Greetings from Brussels!
The concept of big data comes with big responsibility and risk, and it doesn’t get any bigger than when a government service is involved. The recent media attention around the Swedish Transport Agency data breach puts a clinical perspective on the whole matter. Sounds un-Swedish, you might say, and you’d be right. One usually has positive thoughts when thinking of Sweden: social democracy at its best, sound and conscientious public organization, all things green and clean, cars with headlights that don’t switch off, affordable flat-pack furniture, and ABBA.
Well, this week turned into a very public fiasco for Sweden, when the Transport Agency exposed sensitive information by transferring its databases to a third-party cloud provider without following proper data protection policy and procedure. The breach occurred back in 2015, when the Transport Agency was going through a privatization process of its IT systems. The outsourcing arrangement meant that many of the records included sensitive information related to the Swedish military and the justice system, as well as individuals with protected identities and were left openly available to IBM workers in the Czech Republic and Romania. Details on security planning might have also been made available inadvertently. It has also emerged that the agency outsourced maintenance of its firewalls and networks to a company in Serbia, potentially exposing sensitive data further afield.
The debacle surrounding the case does not appear to be that the data has been inappropriately disseminated; there is no indication that this has transpired, with the Agency stating, “We do not see any direct cause for concern.” It is more a case of the political storm unleashed and a procedural issue, in that the agency ignored warnings over the outsourcing from the security services back in 2015. Moreover, it has come to bear that the agency also sidestepped a number of rules, with the then–agency director deciding to “abstain” from applying provisions under the National Security Act (data handlers not having the required security clearance), the Personal Data Act, and the Publicity and Privacy Act when dealing with the outsourcing contract.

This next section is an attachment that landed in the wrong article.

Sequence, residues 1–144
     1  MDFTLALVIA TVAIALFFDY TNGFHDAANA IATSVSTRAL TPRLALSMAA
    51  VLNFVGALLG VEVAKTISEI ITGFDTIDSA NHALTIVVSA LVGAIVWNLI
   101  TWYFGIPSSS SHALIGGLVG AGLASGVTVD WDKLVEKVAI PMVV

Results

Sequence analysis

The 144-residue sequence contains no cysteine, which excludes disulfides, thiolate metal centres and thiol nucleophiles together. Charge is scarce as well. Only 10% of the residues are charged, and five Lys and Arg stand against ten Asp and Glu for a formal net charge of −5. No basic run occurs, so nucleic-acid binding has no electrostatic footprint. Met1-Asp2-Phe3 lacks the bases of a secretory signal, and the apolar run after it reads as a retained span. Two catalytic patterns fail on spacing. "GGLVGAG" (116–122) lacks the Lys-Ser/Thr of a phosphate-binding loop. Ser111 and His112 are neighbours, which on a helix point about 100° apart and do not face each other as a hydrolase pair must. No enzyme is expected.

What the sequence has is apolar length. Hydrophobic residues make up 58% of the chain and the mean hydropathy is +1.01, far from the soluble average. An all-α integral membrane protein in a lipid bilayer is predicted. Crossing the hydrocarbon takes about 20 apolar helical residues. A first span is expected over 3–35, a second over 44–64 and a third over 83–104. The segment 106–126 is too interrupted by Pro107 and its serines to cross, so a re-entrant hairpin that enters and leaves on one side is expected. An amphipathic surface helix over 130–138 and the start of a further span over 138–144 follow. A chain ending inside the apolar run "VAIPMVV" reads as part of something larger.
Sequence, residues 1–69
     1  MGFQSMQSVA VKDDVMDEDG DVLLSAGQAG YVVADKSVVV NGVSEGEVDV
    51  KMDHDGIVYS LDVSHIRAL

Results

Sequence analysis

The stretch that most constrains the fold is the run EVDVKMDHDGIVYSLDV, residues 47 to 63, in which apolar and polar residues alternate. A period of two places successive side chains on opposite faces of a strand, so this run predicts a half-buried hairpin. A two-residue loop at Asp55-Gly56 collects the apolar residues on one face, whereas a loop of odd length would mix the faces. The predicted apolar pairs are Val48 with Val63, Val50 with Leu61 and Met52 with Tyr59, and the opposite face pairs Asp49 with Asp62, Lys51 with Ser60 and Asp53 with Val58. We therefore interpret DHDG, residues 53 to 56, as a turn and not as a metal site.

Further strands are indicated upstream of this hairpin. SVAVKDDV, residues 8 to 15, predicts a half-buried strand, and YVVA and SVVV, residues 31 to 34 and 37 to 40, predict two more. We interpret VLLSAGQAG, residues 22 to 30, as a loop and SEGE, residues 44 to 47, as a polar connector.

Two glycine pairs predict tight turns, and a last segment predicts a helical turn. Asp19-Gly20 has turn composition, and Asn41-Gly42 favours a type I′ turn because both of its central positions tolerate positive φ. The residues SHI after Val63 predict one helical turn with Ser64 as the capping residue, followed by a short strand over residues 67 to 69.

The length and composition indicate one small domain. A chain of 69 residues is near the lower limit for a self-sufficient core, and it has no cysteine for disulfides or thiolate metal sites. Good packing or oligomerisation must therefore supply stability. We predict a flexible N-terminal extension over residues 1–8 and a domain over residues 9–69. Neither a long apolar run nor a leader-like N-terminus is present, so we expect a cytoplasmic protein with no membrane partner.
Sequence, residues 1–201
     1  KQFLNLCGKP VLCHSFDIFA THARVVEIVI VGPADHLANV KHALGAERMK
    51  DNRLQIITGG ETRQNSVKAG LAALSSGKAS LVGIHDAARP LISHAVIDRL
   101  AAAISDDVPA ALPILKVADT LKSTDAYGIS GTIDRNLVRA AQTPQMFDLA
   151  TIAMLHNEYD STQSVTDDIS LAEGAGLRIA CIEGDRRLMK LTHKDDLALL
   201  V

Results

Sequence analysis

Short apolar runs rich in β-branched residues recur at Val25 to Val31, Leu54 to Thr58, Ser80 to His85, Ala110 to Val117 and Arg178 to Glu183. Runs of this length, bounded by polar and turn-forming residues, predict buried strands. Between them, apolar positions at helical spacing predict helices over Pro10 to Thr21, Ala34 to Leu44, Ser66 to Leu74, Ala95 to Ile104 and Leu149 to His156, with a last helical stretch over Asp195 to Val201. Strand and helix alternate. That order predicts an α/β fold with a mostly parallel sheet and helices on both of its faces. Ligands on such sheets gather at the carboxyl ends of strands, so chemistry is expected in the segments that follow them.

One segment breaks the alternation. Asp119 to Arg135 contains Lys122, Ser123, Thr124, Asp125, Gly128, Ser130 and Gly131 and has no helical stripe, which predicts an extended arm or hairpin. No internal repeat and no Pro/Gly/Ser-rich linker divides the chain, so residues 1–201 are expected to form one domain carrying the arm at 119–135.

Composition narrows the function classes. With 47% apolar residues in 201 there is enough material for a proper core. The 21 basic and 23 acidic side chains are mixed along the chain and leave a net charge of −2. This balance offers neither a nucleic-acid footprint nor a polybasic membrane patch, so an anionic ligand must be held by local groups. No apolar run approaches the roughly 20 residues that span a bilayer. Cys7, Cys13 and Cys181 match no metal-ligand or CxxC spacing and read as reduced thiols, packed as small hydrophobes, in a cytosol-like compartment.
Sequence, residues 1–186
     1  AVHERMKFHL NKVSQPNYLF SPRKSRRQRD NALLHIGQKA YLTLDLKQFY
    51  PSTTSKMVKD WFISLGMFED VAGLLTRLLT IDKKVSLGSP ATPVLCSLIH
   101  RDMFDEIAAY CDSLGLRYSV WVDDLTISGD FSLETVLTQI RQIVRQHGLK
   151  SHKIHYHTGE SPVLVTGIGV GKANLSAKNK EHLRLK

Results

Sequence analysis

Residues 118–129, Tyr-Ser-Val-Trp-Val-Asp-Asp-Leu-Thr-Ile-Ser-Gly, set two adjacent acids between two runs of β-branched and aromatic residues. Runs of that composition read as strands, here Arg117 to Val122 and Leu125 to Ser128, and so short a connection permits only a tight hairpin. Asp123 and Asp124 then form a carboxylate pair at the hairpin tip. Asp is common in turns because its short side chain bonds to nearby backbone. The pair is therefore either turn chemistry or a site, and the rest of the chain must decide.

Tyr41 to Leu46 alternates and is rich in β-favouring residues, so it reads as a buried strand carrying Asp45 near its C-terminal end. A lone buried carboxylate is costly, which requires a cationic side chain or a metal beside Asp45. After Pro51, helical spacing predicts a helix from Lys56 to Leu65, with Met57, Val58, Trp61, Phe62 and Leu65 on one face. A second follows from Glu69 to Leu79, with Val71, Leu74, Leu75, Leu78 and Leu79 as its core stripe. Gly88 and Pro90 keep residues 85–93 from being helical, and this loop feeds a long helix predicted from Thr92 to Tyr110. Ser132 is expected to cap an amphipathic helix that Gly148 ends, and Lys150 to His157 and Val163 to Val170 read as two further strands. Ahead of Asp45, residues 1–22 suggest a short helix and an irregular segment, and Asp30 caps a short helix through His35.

Swedish Prime Minister Stefan Lofven described the situation as “extremely serious” and underscored the government’s commitment to ensuring that people “feel safe that their personal information and other sensitive information is handled correctly.” According to local broadsheet media, a number of parties in Sweden’s parliament have said they won’t rule out demanding a confidence vote in the ministers associated with the scandal. This could threaten the jobs of several ministers and possibly the center-left coalition government itself. Following an investigation by the Swedish security police, the former director-general of the Transport Agency was prosecuted, resulting in their dismissal in January for undisclosed reasons. Last month, the former executive was also fined SKr 70,000 (just shy of 7,500 euros) for being careless with secret information. I think quite possibly we haven’t heard the end of this story, and it may well have more sting in its tail.
On reflection, and at a time of mounting concerns about cybersecurity and data protection, it is poignant to be reminded of the need for organizations — both public and private — to thoroughly evaluate and understand the risk environment of their supply chains and third-party suppliers. Ultimately, with outsourcing, one needs to consider third-party (processor) arrangements as an extension of your own organization, so applying equal due diligence is paramount; there are no shortcuts. And, of course, it goes without saying that this is well provisioned under the upcoming GDPR.
Tread carefully out there.
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